London — Once upon time, Africa's mobile users did only two things: they made voice calls or they sent SMS messages. Nowadays a large number of them have transitioned to something that might be called the digital life. Even those with the simplest patterns of digital behavior will WhatsApp their family and friends, read media items and make posts on their Facebook page. Understanding these emerging patterns of digital behavior is important for the development of a more digitally focused telecoms industry. Russell Southwood looks at smallholder farmers in Kenya, a key group with wider implications for many countries.
Smallholder farmers make up large parts of the population in all Sub-Saharan African countries. No-one is really sure how many smallholder farmers there are in Kenya. When I asked I was given figures that varied between 4-9 million. One of the problems is that almost anyone can be a farmer and many cultivate small plots of land part-time, both in the city but more often in the rural areas.
However, the reality is that a much smaller number of farmers - probably around 0.5 million people - produce nearly all of Kenya's food. Food in Kenya is expensive to produce and get to market and makes up a disproportionately high percentage of people's household budgets.
Many of these smallholder farmers aging (65+) and have limited literacy, particularly in English. There is a constant public discussion in the local media about whether the young will take their place. So the question of how farmers might increase both their productivity and profitability is of fundamental importance.
Various efforts have been made by both the Government and the development sector to address this question over several decades but the results are at best mixed. For a couple of decades at least, mobile and online advice and market information services have been seen as one way of addressing the productivity issue. Over that period, the use mobile phone based market-price and advice services has increased but the impact of that information has yet to be decisive in terms of productivity and profitability.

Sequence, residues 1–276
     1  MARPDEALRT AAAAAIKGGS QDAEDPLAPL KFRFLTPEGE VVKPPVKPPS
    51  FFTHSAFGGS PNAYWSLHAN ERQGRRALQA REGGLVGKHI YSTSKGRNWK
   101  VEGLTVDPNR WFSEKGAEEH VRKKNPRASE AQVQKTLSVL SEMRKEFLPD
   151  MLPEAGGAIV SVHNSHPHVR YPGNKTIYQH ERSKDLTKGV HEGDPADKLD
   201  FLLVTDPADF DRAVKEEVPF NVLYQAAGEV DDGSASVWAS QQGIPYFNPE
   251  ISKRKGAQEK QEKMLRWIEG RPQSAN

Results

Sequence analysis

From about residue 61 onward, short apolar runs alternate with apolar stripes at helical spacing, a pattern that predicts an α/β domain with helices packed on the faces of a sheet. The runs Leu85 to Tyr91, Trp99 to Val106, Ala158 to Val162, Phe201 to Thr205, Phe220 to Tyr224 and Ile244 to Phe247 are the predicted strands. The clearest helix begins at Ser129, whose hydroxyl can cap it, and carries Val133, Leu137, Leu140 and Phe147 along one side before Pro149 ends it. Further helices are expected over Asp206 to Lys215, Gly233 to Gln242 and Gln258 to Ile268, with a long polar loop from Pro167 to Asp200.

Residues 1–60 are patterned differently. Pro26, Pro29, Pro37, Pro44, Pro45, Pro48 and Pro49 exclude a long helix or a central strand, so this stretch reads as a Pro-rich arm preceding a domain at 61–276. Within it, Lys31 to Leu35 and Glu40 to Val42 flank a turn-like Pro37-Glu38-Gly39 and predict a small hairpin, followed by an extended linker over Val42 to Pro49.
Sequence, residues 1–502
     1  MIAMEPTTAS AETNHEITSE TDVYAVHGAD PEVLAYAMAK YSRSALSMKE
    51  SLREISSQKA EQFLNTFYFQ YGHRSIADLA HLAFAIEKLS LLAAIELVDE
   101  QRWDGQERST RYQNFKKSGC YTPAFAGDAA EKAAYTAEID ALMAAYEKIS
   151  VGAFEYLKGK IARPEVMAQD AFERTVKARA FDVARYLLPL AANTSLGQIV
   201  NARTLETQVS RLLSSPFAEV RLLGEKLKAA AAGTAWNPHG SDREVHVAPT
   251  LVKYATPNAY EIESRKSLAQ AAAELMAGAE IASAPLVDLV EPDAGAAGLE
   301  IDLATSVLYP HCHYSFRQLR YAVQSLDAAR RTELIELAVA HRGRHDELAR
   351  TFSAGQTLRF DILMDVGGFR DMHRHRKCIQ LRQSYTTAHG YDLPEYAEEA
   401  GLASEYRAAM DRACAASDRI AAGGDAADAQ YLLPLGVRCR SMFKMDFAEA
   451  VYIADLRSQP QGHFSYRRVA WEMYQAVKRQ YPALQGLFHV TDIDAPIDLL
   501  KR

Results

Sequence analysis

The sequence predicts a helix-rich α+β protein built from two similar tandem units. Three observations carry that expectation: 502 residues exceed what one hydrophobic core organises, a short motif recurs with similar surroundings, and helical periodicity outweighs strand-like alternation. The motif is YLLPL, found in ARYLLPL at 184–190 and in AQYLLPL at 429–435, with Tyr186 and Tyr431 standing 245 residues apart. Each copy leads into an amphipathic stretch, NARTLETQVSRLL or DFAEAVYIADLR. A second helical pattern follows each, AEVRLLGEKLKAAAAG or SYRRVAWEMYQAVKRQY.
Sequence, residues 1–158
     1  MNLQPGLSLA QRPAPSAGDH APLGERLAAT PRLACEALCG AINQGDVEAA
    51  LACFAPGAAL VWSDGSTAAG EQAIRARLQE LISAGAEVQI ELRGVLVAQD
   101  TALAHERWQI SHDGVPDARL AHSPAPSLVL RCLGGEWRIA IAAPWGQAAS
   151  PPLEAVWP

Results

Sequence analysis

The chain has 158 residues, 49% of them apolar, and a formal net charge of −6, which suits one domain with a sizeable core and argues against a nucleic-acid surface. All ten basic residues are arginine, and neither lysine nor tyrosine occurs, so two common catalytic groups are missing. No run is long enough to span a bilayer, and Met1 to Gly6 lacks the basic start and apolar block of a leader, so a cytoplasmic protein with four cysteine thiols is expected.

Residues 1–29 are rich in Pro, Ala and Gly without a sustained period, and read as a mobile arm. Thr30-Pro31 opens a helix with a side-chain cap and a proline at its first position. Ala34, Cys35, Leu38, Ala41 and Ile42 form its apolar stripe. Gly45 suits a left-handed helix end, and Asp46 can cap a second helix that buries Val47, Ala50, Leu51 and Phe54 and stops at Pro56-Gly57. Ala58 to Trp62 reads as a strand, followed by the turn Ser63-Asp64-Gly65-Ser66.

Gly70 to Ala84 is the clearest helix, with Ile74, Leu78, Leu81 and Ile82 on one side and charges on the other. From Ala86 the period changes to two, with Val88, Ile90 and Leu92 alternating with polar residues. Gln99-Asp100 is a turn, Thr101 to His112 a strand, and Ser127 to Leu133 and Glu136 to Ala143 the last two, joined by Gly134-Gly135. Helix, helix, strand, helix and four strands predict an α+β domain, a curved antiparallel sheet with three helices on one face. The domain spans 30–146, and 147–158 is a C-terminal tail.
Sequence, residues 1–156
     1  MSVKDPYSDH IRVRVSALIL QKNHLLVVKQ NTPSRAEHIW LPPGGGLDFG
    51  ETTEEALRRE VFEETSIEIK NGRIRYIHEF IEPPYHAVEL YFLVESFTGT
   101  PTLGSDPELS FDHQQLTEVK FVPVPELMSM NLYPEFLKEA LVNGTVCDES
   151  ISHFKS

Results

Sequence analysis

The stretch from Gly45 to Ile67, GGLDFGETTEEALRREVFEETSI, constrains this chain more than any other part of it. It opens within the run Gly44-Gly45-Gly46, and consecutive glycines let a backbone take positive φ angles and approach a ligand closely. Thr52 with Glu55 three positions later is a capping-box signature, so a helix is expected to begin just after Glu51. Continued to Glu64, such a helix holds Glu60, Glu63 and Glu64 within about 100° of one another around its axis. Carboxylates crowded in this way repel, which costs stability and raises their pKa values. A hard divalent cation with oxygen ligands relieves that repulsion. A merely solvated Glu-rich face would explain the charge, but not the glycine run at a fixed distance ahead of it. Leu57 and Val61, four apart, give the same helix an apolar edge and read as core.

This year market research company GeoPoll carried out a survey that allows us to look at how farmers in Kenya use digital access to get information. The sample was of over 900 farmers who were recruited through listening to local edutainment programme Shamba Shape Up about improving smallholder farming practices.
The sample was almost evenly split between three different age groups: 15-24 (32%); 25-34 (34%); and 35+ (33%). The sample is somewhat younger than the average smallholder farmer but the younger skew allows us to see how things might be changing as younger farmers start entering the labor market. 41% cultivated crops; 11% looked after livestock; and 48% did both.
85% had phones, of which 38% had Android phones and 47% basic phones (voice and SMS only). Ownership of smartphones amongst the sample was very low. Nevertheless one local agricultural NGO I spoke to had carried out research that would seem to imply that overall there might be 100,000 farmers who owned a smartphone.